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Advice on how to prepare for life after government.

Let The Confusion Begin!


The option of a phased retirement -- being partly retired while working part-time -- is closer to becoming a reality in the federal government. This week, the Office of Personnel Management issued proposed rules for allowing employees to work a part-time schedule while beginning to draw federal retirement benefits. The comment period on the proposed rules ends Aug. 5. Afterwards, OPM will publish final rules and then issue new forms for agencies to use in implementing the program.

In the meantime, the proposed rules are likely to generate a lot of questions -- and some confusion -- among employees. Here’s a look at what’s clear in the regulations, and what’s still up in the air.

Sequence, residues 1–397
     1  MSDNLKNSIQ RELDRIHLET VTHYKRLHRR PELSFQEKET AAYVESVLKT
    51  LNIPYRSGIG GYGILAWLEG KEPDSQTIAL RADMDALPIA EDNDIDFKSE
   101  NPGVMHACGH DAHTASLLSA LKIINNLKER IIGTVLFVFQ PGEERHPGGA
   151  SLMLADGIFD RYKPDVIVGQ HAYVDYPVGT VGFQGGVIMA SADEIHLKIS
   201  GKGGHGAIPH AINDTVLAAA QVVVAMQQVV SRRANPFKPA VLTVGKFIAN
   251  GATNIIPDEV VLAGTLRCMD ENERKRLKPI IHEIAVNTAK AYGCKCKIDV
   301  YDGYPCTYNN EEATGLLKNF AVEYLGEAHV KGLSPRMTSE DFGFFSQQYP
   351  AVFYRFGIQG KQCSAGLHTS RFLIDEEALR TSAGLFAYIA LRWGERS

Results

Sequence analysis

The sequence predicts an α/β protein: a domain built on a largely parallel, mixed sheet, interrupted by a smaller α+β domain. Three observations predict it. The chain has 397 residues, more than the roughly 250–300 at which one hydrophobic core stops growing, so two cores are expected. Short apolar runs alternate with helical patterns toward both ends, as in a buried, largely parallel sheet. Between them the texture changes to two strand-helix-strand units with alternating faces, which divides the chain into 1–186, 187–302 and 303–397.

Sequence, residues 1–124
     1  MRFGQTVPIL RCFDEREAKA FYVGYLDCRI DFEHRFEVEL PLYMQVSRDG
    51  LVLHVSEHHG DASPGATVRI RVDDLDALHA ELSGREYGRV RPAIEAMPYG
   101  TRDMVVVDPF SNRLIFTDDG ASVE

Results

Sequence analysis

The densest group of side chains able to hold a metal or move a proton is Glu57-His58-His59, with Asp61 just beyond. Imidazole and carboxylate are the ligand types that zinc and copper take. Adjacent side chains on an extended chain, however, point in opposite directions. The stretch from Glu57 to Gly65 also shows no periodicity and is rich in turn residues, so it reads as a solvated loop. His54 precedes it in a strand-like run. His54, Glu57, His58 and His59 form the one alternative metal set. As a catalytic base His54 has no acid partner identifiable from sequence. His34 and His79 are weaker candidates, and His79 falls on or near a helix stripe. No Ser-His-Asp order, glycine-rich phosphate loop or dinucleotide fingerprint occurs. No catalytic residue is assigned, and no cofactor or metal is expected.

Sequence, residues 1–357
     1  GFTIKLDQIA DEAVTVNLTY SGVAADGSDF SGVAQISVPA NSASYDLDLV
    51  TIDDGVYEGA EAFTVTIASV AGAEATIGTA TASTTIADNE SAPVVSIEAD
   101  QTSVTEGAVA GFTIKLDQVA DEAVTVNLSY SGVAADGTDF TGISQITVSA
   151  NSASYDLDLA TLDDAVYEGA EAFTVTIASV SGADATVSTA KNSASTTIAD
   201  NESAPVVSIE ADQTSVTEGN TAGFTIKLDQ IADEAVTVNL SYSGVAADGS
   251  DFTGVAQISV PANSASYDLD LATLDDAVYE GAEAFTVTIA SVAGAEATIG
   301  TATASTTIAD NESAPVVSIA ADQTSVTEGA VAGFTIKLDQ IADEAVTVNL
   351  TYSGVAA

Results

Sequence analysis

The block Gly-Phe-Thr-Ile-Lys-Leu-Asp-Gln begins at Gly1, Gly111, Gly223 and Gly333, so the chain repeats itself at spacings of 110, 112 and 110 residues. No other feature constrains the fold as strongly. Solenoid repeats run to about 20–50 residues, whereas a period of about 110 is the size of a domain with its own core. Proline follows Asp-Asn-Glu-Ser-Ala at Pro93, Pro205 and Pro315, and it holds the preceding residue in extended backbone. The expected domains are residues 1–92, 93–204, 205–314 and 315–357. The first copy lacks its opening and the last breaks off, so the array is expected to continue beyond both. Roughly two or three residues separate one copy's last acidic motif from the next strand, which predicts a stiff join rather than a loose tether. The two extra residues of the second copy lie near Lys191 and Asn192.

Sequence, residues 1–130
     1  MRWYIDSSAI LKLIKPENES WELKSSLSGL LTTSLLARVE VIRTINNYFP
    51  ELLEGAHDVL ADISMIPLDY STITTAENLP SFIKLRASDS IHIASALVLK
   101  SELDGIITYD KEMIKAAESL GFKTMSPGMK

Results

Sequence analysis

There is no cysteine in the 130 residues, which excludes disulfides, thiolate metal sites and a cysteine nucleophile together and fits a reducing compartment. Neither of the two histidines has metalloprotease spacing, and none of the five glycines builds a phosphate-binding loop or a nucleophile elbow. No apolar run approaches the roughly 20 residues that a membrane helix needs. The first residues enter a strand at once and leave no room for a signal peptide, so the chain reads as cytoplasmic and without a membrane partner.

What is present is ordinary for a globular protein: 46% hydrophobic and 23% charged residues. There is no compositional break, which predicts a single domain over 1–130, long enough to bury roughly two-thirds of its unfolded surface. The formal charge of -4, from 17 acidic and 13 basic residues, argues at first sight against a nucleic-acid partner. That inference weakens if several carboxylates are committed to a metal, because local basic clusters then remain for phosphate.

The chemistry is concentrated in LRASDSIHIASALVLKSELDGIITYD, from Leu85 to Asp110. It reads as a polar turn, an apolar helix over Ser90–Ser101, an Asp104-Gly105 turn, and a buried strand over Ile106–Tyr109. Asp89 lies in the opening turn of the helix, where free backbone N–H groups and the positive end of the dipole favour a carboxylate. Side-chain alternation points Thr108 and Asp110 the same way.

To take advantage of phased retirement, employees must meet certain criteria:

  • They must have been employed full-time for the preceding three years before the phased retirement begins.
  • Civil Service Retirement System employees must be eligible for immediate retirement with at least 30 years of service at age 55 or with 20 years of service at age 60.
  • Federal Employees Retirement System employees must be at their minimum retirement age (MRA) with at least 30 years of service or 20 years of service at age 60.
  • Employees subject to mandatory retirement (such as law enforcement officers, firefighters and air traffic controllers) are not eligible.
  • Employees entering a period of phased retirement will be required to spend 20 percent of their working hours on mentoring activities (with the exception of employees of the U.S. Postal Service).